About 30 seconds, right?  That was 79 words. Okay, now you give it a try for your business.


[2] This concept comes from Guy Kawasaki, see it for yourself by searching youtube “the art of the start”.



How Your Unconscious Bias is Making Your a Bad Decision Maker

We create mental models to put the external world in a framework we can understand.  While useful in handling information, these models have real shortcomings, especially in business. Humans have an inherent tendency to favor a particular outcome.  Like believing their product will sell because similar products have been a success in the past. Or believing a male engineer will be a better fit for the organization because all the engineers at your previous companies were men. Or listening to customer feedback in an unbalanced way giving more weight to praise and heavily discounting feedback that is negative.

It is critical to be aware of this tendency; otherwise it will lead to poor decision-making such as hiring or firing someone without cause or investing in an untested idea.

There are many types of mental models we rely on, usually unknowingly. This author can name 12, but today we’re going to focus on our tendency to select data to accept what supports our beliefs and then discount or totally ignore data that is counter to our belief system.  This is called a confirmation bias.

Early Thinking

To protect yourself from confirmation bias in your start-up, try this exercise.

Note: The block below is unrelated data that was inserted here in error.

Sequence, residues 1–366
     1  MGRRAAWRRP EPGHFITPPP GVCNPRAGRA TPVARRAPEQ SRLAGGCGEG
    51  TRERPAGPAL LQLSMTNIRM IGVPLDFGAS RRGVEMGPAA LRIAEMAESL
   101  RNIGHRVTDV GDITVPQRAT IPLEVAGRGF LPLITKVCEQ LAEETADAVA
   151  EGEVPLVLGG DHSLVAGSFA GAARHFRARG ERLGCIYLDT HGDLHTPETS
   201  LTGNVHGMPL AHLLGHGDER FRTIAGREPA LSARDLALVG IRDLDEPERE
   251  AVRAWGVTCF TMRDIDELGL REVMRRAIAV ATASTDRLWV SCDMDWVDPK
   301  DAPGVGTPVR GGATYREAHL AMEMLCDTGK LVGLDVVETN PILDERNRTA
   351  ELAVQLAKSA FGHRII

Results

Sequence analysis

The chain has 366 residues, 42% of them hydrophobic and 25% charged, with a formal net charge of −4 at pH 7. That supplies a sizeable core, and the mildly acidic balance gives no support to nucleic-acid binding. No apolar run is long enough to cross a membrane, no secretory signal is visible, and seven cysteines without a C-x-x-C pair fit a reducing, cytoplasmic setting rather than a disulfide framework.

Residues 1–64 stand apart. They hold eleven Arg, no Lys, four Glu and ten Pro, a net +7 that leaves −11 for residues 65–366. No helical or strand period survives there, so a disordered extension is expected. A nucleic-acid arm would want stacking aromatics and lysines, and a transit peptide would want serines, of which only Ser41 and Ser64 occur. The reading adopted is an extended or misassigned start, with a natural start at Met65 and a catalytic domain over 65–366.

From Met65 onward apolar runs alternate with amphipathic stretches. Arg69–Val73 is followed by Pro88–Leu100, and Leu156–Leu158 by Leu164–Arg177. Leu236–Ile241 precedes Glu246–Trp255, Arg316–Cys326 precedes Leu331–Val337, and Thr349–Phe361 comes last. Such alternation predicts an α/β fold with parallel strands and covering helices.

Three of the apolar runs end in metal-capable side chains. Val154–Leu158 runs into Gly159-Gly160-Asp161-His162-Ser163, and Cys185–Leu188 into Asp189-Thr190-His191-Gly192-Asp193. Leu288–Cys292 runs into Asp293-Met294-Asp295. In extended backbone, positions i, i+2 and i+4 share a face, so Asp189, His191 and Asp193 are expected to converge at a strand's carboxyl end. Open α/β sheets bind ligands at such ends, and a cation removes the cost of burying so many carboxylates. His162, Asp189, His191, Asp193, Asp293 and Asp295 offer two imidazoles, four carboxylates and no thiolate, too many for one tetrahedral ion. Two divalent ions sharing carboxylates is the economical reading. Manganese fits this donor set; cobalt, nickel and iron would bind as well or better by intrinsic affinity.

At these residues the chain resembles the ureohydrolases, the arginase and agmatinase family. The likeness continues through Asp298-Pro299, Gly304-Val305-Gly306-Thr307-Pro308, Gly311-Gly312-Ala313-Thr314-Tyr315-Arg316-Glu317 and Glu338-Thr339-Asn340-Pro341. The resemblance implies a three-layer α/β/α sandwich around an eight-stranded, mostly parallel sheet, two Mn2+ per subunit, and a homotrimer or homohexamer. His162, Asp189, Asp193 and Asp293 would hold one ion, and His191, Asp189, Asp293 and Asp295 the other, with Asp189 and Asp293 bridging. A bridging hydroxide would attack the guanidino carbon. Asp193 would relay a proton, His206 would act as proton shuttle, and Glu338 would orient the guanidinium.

The ladder of inference is a helpful way to troubleshoot your thinking. Please accept the irony of using a mental model after condemning them.  The ladder of inference helps spot your biases and examine your belief systems.

Following is a practical example of how it works with the potential for completely different outcomes.

Steps of the Ladder Outcome 1 Outcome 2
1. Data Collection or        Observation Joe is late to my staff meeting. Joe is late to my staff meeting.
2. Select Data Joe knows I want my meetings to start on time. Joe knows I want my meetings to start on time.
3. Add Meaning Employees who are late to meetings are not serious about their jobs. Joe would normally not be late without a good reason.
4. Make Assumptions Employees who are not serious about their jobs should not be in my organization. He must have been working on the important project I asked him to finish before the meeting.
5. Draw Conclusion Joe is not a valuable member of the organization. Joe is an awesome performer.
6. Beliefs Not addressing poor performance makes me a weak leader. Getting assignment completed move the organization forward.